Surveillance: Germany To Work With Apple And Google On ‘Contact Tracing’

Social Distancing graphic from CDC.

After tensions escalated last week between Germany and Silicon Valley over the type of technology used to trace coronavirus infections, the European nation changed its decision Sunday, choosing to go with “an approach supported by Apple and Google along with a growing number of other European countries,” according to a Reuters report.

Germany is just one of the European Union (E.U.) nations attempting to develop apps to “contact trace” coronavirus patients in an effort to combat the spread of the virus.

Chancellery Minister Helge Braun and Health Minister Jens Spahn issued a joint statement Sunday indicating that they would adopt a “decentralized” approach to digital contact tracing, which would no longer allow health authorities to take control over tracing the data that is collected.

“This app should be voluntary, meet data protection standards and guarantee a high level of IT security,” they stated. “The main epidemiological goal is to recognize and break chains of infection as soon as possible.”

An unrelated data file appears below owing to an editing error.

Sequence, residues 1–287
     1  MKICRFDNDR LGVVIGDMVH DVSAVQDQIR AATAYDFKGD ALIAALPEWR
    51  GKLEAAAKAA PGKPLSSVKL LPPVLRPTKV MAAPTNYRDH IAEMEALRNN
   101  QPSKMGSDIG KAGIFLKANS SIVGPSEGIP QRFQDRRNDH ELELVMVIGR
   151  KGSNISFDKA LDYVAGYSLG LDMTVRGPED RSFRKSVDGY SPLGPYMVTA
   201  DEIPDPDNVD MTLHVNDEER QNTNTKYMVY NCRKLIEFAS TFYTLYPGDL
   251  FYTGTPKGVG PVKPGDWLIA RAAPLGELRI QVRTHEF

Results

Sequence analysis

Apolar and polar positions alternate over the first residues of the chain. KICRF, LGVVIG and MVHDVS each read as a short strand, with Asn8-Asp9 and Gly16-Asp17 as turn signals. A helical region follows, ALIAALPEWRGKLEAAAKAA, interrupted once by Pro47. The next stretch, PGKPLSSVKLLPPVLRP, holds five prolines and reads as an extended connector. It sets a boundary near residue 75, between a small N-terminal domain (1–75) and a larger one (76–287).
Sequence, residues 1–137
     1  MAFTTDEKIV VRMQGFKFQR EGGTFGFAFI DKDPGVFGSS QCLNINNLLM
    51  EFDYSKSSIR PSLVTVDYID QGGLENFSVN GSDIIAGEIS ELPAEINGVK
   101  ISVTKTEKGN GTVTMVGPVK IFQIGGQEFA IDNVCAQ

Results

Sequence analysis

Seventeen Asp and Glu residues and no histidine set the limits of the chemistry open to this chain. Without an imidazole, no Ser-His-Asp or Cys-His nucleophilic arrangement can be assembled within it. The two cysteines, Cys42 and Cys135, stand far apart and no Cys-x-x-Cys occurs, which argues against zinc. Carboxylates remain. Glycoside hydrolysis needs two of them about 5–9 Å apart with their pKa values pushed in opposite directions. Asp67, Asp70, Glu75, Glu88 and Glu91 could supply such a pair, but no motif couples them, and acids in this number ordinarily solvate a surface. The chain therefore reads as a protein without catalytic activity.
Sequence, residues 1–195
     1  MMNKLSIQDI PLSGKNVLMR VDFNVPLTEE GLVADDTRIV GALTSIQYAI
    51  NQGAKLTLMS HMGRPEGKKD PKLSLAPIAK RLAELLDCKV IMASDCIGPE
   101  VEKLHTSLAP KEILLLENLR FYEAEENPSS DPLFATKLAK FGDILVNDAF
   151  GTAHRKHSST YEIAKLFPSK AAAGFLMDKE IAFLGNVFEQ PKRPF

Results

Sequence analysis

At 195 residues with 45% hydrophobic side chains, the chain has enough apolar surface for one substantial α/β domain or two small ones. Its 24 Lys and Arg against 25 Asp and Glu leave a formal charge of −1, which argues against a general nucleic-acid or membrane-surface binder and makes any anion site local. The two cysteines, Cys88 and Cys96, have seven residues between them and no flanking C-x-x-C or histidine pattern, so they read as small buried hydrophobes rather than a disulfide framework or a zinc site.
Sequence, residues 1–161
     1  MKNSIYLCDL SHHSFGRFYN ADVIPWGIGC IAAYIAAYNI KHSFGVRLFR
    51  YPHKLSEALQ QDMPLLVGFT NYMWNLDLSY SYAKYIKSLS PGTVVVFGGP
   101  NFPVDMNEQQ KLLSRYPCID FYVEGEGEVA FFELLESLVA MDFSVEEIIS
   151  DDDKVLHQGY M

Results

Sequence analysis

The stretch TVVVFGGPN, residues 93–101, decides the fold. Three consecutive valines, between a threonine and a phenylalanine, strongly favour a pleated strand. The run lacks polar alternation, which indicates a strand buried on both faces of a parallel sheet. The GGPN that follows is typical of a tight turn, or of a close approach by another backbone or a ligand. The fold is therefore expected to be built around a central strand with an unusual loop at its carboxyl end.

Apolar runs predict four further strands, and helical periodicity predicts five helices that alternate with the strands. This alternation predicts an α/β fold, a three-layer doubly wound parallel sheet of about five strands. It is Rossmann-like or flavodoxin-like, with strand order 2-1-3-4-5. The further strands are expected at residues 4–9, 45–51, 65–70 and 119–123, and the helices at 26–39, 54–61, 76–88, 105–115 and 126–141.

Bluetooth-based smartphone contact tracing allows for the determination of the proximity and length of contact between people. Then, if a person tests positive for COVID-19, their recent contacts would be told to call a doctor, get tested, and/or self-isolate.

According to the Reuters report, “Apple and Alphabet’s Google, whose operating systems run 99% of smartphones, have promised tweaks in May that would accommodate the decentralized approach. A trial version is due out next week.”

Meanwhile, an open letter signed by hundreds of scientists that was published last Monday warned that if contact tracing data were to be centralized, it would allow “unprecedented surveillance of society at large.”

Germany is the most populous nation in the E.U. with more than 83 million residents. There are currently 158,758 people infected with the novel coronavirus in Germany and 6,126 people have died.